July 28th, 2010
01:19 PM ET

Judge blocks part of controversial Arizona immigration law

A federal judge has blocked one of the most controversial sections of a tough Arizona immigration law, granting a preliminary injunction Wednesday that prevents police from questioning people about their immigration status.

That provision required police to "make a reasonable attempt to determine the immigration status of a person stopped, detained or arrested" if the officer has a reasonable suspicion that the person is in the United States illegally.

U.S. District Judge Susan Bolton's ruling, in response to a motion filed by the federal government, came with scant hours to go before the law goes into effect.

Read the full ruling (PDF) | What does ruling mean?

She also blocked provisions of the law making it a crime to fail to apply for or carry alien registration papers or "for an unauthorized alien to solicit, apply for, or perform work," and a provision "authorizing the warrantless arrest of a person" if there is reason to believe that person might be subject to deportation.

"We believe the court ruled correctly when it prevented key provisions of SB1070 from taking effect. While we understand the frustration of Arizonans with the broken immigration system, a patchwork of state and local policies would seriously disrupt federal immigration enforcement and would ultimately be counterproductive," the Department of Justice said in a statement. "States can and do play a role in cooperating with the federal government in its enforcement of the immigration laws, but they must do so within our constitutional framework.

"This administration takes its responsibility to secure our borders seriously and has dedicated unprecedented resources to that effort. We will continue to work toward smarter and more effective enforcement of our laws while pressing for a comprehensive approach that provides true security and strengthens accountability and responsibility in our immigration system at the national level."

Seven lawsuits are seeking to block implementation of the law, signed by Arizona Gov. Jan Brewer in April. It is to go into effect Thursday.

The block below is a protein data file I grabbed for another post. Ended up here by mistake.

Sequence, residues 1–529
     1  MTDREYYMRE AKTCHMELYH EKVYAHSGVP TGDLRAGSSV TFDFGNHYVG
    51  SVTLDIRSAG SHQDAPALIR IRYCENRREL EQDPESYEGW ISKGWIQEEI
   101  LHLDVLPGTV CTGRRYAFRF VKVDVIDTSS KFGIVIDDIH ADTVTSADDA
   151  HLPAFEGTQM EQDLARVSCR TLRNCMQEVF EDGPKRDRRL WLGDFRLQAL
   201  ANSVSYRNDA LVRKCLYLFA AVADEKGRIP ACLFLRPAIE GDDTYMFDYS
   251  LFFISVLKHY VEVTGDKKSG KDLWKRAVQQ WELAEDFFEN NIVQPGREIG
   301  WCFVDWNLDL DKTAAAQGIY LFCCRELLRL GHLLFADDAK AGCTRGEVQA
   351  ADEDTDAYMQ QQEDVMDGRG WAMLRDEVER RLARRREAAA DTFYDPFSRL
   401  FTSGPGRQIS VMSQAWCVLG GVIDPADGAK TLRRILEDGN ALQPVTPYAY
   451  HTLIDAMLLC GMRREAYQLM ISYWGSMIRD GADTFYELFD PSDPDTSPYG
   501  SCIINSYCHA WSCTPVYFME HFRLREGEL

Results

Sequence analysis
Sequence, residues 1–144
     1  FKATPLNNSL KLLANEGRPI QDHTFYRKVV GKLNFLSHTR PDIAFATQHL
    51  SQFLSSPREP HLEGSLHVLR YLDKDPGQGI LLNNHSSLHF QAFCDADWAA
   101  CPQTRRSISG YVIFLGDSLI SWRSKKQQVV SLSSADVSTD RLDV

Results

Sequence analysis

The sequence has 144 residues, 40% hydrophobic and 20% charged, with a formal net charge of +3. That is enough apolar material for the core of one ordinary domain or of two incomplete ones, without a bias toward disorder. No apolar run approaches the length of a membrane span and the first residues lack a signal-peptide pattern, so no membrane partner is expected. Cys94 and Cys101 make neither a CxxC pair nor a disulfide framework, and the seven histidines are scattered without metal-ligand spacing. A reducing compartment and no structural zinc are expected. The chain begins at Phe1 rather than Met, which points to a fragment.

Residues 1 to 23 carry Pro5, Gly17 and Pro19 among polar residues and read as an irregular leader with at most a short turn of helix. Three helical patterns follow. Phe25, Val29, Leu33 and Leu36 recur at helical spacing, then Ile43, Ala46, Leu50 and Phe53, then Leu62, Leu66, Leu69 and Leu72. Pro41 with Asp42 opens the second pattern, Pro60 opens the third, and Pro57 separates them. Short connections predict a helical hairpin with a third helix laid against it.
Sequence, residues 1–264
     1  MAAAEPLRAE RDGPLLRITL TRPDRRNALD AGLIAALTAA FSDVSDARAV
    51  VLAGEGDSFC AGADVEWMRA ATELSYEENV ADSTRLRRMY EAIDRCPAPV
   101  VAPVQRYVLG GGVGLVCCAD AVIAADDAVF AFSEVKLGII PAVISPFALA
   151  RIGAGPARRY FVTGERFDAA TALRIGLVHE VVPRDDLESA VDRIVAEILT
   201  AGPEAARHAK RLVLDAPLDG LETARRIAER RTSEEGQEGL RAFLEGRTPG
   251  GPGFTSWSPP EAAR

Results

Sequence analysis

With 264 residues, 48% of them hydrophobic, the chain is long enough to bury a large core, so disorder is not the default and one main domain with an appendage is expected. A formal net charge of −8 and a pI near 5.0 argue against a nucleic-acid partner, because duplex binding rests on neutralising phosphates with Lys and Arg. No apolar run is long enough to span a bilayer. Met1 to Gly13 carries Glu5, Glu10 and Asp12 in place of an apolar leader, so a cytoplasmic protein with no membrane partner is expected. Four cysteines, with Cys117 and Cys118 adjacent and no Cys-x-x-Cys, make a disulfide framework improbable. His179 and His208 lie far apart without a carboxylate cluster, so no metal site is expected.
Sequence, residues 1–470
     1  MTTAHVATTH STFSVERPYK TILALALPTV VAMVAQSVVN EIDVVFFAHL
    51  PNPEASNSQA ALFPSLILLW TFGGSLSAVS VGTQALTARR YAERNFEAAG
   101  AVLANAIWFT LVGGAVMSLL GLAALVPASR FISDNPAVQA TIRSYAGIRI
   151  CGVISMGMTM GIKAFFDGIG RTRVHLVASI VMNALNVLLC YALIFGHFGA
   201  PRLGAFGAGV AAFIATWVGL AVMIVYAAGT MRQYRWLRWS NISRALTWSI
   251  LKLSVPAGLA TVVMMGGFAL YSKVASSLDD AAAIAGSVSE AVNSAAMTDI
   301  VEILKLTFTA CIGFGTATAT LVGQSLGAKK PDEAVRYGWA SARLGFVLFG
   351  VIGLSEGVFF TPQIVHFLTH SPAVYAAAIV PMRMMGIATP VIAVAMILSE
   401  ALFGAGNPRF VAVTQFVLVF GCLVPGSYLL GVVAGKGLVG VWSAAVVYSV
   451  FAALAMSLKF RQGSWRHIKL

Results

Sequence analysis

Watch: Gov. Brewer reacts to preliminary injunction

The law also targets those who hire illegal immigrant laborers or knowingly transport them.

Opponents say the law will lead to racial profiling, which is illegal.

Supporters point out that the law prohibits racial profiling and people cannot be stopped and asked for proof of legal residence based solely on their looks.

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Filed under: Arizona • Immigration
soundoff (827 Responses)
  1. Tiller In Texas

    Throw this Woman off the Bench, she is not a representative of American Law. Can we exile this BIT$H to mexico????????????

    July 28, 2010 at 2:09 pm | Report abuse |
  2. starzzguitar

    Illegal activity is now legal. But don't be so happy, all you libs. The animosity towards illegals will now be ratcheted up, and the anger against supporters of illegal immigration will wipe out the Democratic Party come this November!

    July 28, 2010 at 2:10 pm | Report abuse |
  3. Carrie

    There is no way around this people, Obama wants the vote....I say we throw his a** in AZ for about a month.

    July 28, 2010 at 2:10 pm | Report abuse |
  4. Vette

    I am more than pleased that that part of the law was blocked. Bravo to this judge, for blocking the most obscene part of this ridiculous law! You can't look at a Hispanic and tell who is and isn't from here. As we can't look at Blacks and tell who is and isn't from here. Just like we can't look at whites and tell who is and isn't of this country! What is wrong with you people! If there are going to throw people in jail or those makeshift jail, and I pray that most or all of them are legal, so they can get sue crazy in this state! This governor is evil and as vile as they come! I wonder where her ancestors are from! Stupid IDIOT! She reminds me of Sarah Palin!

    July 28, 2010 at 2:10 pm | Report abuse |
    • stickyd8

      this is why you're an idiot! That's not what the law says. It says the police have the right to ask for proof of citizenship if they have already stopped a person for breaking another law or committing a crime! Do you really want to take up for people breaking laws and committing crimes? Hmmmm....As far as racial profiling, there is and always will be some type of racial profiling that occurs in every day law enforcement...against white and blacks! What they should do is put a seal of citizenship on everyone's valid driver's license and make it mandatory for EVERY person to show their identification when they are pulled over or commit a crime....similar to the way I have to show my driver's license and proof of insurance if I get pulled over for anything. Then there wouldn't be any racial profiling. Either your Official ID card or Driver's License would state it right on it! I'm sure this would be considered wrong too, right?

      July 28, 2010 at 2:19 pm | Report abuse |
  5. bazoozoo

    It seems to me that if the people breaking the law are Mexicans crossing the border illegally from Mexico into the US that to ask a Mexican to see proof of citizenship is not racial profiling, but common sense. It's no different then when we ask US citizens to see their passport when we travel. I'm not a liberal or conservative, but an American who wants to see Americans get restored to a standard of living that doesn't break our backs and souls before giving anymore to people who are here illegally. Stop funding programs to any non citizen, and put that money into programs for Americans, and then maybe you can make an effort to help others after the charity starts at home.

    July 28, 2010 at 2:10 pm | Report abuse |